As is well known to those practiced in the art of ultra-low field NMR instrumentation, the sensors must often be deactivated while the magnetic prepolarization field 118 is applied. As such, the control system 108 can cause the SQUIDs 113 to deactivate before the prepolarization field is 118 is turned on. The SQUIDs 113 can be reactivated after the prepolarization field 118 is turned off with the measurement field 119 remaining. Magnetic shielding 117 can adjust the ambient field or isolate the ultra-low field NMR system 107 from sources of interference.
A measurement feature can be dependent or independent of the Larmor frequency. The dependence of measurement features on Larmor frequency can be used for further identification of the material. Additionally, a dependent measurement feature can be made to be independent of the Larmor frequency by mathematically removing or normalizing its effect. Those practiced in the arts of NMR or MRI are familiar with compensating measurement features for their dependence on the Larmor frequency.
FIG. 2 illustrates a system for imaging shipping container contents while examining it for hazardous materials in accordance with aspects of the embodiments. A shipping container 209 can contain smaller containers 210, 211. For example, luggage can contain a tube of tooth paste. The shipping container 209 can have a conductive shell 215, for example lead or aluminum. A container 210 can also have a conductive shell 212.
An ultra-low filed NMR system 201 can examine the shipping container 208 by first imaging its contents. Imaging can be achieved by spatially varying the prepolarizing or measurement fields. For clarity, the magnetic fields and field control elements are not presented in FIG. 2. One can also use the spatial distribution of sensitivity of each magnetic field sensor channel to distinguish the contents. The control system 202 controls the sensor array 207. The sensor array 207 contains magnetic field sensors such as the SQUIDs of FIG. 1. Those practiced in the arts of NMR or MRI are familiar with using spatial sensitivity coding and with using the spatial dependence of the prepolarizing and measurement fields to produce images.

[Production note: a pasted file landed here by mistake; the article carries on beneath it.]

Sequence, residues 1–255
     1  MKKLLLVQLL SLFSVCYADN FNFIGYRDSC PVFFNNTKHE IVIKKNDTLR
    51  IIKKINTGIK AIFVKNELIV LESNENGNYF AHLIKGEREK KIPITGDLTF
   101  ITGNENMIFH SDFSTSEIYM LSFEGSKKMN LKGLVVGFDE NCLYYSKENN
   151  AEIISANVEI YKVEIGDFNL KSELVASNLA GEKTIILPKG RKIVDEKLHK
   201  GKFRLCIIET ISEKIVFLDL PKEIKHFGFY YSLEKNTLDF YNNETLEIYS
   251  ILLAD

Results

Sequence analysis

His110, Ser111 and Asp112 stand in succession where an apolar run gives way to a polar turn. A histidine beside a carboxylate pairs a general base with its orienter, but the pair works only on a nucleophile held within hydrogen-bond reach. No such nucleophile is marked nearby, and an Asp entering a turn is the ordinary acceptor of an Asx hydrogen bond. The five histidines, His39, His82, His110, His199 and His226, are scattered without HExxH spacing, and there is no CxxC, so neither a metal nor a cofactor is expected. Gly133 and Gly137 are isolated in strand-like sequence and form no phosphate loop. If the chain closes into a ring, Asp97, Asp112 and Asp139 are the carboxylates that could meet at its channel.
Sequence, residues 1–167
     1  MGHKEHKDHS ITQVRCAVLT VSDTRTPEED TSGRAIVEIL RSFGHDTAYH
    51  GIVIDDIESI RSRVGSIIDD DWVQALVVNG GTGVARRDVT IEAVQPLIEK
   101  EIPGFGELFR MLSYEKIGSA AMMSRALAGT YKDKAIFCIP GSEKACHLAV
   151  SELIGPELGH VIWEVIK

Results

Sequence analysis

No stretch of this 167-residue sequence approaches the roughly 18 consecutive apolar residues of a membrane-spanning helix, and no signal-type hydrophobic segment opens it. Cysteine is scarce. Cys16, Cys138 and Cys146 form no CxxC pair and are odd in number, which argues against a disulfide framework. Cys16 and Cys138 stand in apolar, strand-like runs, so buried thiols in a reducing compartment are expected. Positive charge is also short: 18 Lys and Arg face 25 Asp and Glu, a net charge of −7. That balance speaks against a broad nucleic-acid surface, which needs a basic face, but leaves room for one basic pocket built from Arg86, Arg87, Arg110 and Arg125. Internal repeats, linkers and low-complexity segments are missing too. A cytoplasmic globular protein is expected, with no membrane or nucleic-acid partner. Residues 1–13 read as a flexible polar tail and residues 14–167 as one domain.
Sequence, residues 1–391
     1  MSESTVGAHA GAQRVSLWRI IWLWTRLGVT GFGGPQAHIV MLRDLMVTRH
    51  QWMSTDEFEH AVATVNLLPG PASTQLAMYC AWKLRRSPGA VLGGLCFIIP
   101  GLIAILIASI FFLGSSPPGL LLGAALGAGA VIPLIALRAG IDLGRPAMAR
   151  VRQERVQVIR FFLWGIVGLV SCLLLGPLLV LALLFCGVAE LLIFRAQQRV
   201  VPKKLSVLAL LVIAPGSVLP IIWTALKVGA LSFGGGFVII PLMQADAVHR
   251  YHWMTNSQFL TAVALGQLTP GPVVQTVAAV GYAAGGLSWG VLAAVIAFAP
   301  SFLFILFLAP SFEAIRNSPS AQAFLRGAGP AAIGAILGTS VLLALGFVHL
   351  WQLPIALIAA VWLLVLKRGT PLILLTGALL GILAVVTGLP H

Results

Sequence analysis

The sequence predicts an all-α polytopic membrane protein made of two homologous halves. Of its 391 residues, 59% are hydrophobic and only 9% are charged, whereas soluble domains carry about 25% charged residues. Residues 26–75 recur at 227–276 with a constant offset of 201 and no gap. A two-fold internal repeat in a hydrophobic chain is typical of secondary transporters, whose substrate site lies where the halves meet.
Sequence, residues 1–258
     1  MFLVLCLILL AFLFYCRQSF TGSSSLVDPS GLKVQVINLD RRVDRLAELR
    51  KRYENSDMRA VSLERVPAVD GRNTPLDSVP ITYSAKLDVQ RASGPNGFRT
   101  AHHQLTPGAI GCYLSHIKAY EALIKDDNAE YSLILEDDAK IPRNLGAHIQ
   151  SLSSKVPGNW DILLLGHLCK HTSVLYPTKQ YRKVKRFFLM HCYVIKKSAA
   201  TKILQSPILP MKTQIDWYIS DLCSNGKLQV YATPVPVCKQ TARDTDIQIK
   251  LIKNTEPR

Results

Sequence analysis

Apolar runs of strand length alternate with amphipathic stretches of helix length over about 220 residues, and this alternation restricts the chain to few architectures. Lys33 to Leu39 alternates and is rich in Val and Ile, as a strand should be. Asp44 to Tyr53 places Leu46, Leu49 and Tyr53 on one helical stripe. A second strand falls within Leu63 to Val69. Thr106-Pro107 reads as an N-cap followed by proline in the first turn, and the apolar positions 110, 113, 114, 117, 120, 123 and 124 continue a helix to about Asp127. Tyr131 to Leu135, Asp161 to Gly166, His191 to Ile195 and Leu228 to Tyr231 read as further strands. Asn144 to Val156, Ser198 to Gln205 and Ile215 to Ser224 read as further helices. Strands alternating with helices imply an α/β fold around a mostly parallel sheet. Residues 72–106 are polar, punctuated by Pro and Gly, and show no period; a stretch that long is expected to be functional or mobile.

The NMR imaging module 206 constructs an NMR image 204 from the output of the sensor array 207. An image analysis module 203 can examine the NMR image 204 to identify target volumes inside the shipping container 209. As illustrated in FIG. 2, the image analysis module has identified a container 210 has needing a closer look. A target volume 214 containing the container 210 is identified.